In most FISA surveillance, there is supposed to be a prohibition on targeting someone for their First Amendment protected activities. Yet given the number of times FISC has had to police that, it seems that the Executive uses a much weaker standard of First Amendment review than the FISC. Which should be a particularly big concern for National Security Letters, as they ordinarily get no court review (one of the NSL challenges that has been dismissed seemed to raise First Amendment concerns).
On at least two occasions, the FISC has taken notice of and required briefing after magistrate judges found a practice also used under FISA to require a higher standard of evidence. One was the 2009 PCTDD discussion mentioned above. The other was the use of combined orders to get phone records and location data. And while the latter probably resulted in other ways the Executive could use FISA to obtain location data, it suggests the FISC has paid close attention to issues being debated in magistrate courts (though that may have more to do with the integrity of then National Security Assistant Attorney General David Kris than the FISC itself; I don’t have high confidence it is still happening). To the extent this occurs, it is more likely that FISA practices will all adjust to new standards of technology than traditional courts, given that other magistrates will continue to approve questionable orders and warrants long after a few individually object, and given that an individual objection isn’t always made public.
Finally, the FISC has limited Executive action by limiting the use and dissemination of certain kinds of information. During Stellar Wind, Lamberth and Kollar-Kotelly attempted to limit or at least know which data came from Stellar Wind, thereby limiting its use for further FISA warrants (though it’s not clear how successful that was). The known details of dragnet minimization procedures included limits on dissemination (which were routinely violated until the FISC expanded them).
More recently John Bates twice pointed to FISA Section 1809(a)(2) to limit the government’s use of data collected outside of legal guidelines. He did so first in 2010 when he limited the government’s use of illegally collected Internet metadata. He used it again in 2011 when he used it to limit the government’s access to illegally collected upstream content. However, I think it likely that after both instances, the NSA took its toys and went elsewhere for part of the relevant collection, in the first case to SPCMA analysis on EO 12333 collected Internet metadata, and in the second to CISA (though just for cyber applications). So long as the FISC unquestioningly accepts EO 12333 evidence to support individual warrants and programmatic certificates, the government can always move collection away from FISC review.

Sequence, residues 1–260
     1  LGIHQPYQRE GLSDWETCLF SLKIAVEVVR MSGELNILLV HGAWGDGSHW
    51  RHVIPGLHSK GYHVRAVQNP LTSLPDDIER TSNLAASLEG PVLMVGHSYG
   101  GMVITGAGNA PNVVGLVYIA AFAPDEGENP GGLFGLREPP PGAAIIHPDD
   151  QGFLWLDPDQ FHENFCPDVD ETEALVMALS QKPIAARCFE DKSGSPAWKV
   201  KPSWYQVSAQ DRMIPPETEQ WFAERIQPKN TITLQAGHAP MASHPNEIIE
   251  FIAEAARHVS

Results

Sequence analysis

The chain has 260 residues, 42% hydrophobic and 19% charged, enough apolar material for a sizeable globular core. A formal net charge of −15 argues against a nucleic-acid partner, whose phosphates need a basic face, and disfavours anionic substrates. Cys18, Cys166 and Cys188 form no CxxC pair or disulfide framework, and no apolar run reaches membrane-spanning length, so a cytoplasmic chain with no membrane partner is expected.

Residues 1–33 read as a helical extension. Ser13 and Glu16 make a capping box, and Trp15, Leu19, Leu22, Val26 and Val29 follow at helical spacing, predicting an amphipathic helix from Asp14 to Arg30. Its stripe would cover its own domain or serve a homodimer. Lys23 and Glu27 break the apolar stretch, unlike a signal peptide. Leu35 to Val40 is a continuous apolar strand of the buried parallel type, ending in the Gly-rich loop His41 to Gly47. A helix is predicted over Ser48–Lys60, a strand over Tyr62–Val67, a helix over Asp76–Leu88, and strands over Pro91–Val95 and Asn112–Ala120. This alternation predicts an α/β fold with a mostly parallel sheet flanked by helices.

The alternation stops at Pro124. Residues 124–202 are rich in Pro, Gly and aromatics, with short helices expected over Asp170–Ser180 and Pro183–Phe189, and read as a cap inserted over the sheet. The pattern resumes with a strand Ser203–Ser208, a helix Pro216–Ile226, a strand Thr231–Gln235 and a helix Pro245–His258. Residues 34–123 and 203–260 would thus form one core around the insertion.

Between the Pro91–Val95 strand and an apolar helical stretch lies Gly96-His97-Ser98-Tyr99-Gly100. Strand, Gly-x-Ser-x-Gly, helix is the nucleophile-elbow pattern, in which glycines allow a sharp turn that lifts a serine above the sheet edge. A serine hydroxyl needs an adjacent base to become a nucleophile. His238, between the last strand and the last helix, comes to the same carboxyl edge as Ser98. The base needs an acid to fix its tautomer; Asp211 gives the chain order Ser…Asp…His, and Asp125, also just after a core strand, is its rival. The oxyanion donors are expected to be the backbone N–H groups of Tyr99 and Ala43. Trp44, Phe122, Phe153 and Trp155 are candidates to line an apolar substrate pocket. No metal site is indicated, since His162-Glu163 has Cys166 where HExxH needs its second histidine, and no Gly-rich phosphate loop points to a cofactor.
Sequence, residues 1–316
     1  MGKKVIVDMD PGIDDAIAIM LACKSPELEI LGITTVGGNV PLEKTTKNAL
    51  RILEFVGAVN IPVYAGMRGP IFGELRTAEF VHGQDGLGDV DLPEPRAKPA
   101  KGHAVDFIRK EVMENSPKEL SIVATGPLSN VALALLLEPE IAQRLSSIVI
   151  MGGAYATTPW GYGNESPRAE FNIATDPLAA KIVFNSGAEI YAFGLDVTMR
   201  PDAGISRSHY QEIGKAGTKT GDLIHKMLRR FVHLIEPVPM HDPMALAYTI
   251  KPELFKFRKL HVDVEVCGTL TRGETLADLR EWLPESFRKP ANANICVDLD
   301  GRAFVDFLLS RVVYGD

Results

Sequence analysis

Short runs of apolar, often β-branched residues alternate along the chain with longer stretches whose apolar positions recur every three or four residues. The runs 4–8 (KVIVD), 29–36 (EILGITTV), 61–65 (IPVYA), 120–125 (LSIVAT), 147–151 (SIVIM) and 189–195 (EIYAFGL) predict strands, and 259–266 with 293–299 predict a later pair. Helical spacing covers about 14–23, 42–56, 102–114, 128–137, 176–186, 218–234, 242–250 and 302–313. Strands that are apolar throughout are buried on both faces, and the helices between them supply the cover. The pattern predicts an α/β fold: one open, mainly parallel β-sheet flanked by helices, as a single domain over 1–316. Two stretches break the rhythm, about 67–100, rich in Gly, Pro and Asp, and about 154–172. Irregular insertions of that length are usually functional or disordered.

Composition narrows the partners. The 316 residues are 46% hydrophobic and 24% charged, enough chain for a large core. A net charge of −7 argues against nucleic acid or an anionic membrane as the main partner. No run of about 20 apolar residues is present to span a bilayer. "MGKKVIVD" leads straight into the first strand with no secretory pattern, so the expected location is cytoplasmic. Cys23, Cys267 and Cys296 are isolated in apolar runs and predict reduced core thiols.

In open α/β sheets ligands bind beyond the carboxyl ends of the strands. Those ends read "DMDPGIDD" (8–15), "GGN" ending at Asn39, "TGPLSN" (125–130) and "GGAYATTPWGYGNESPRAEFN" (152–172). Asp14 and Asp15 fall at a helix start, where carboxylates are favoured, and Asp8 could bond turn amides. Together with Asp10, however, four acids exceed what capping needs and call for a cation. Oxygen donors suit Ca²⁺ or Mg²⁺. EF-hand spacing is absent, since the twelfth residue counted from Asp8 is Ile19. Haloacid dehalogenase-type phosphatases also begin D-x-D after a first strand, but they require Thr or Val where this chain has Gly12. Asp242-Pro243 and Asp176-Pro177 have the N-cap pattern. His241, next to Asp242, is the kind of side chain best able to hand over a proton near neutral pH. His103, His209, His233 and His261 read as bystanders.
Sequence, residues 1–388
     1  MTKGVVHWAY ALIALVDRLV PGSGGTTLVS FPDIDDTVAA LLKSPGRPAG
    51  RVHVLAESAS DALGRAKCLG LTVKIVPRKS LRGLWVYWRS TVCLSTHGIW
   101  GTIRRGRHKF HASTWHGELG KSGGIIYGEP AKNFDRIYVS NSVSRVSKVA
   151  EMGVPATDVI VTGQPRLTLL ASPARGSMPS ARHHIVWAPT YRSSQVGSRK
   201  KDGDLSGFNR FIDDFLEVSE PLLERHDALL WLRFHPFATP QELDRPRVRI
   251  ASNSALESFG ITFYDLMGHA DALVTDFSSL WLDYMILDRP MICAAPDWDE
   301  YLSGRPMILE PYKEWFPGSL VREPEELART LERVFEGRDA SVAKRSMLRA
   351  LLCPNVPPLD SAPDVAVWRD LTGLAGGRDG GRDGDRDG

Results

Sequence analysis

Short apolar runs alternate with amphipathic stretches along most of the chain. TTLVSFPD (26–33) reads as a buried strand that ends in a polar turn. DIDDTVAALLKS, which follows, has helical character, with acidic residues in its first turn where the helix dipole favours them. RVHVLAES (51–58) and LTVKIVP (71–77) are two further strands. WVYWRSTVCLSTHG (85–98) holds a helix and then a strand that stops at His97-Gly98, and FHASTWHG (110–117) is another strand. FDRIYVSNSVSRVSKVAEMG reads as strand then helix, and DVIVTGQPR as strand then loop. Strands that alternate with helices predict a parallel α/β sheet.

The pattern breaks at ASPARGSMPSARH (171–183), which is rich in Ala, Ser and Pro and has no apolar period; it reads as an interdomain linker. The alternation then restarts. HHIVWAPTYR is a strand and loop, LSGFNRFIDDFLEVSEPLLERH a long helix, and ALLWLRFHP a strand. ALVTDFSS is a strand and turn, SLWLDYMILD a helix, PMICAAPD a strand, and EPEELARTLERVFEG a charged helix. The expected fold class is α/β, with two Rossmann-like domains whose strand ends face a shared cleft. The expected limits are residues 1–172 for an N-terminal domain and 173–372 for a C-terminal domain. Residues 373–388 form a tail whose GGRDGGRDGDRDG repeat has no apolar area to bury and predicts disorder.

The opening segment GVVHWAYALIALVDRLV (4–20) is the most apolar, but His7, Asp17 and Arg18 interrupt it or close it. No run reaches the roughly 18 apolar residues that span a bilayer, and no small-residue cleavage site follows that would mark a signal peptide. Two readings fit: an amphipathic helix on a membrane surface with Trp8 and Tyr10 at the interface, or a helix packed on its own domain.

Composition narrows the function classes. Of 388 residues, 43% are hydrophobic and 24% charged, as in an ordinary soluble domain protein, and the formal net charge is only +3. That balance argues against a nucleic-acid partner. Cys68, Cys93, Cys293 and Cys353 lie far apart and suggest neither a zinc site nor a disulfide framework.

Moreover, with USAF, Congress partly eliminated this tool as a retroactive control on upstream collection; it authorized the use of data collected improperly if the FISC subsequently approved retention of it under new minimization procedures.
These tools have been of varying degrees of usefulness. But FISC has tried to wield them, often in places where all but a few Title III courts were not making similar efforts. Indeed, there are a few collection practices where the FISC probably imposed a higher standard than TIII courts, and probably many more where FISC review reined in collection that didn’t have such review.
Remember “the wall” that used to separate intelligence from criminal investigations and was used as an excuse for intelligence agencies not sharing intelligence they were permitted to share before 9/11?
It was demolished in 2001 — when the PATRIOT Act explicitly permitted what had been permitted before, sharing of intelligence information with the FBI — and 2002 — when the FISA Court of Review overruled presiding FISA Judge Royce Lamberth’s efforts to sustain some Fourth Amendment protections in criminal investigations using minimization procedures.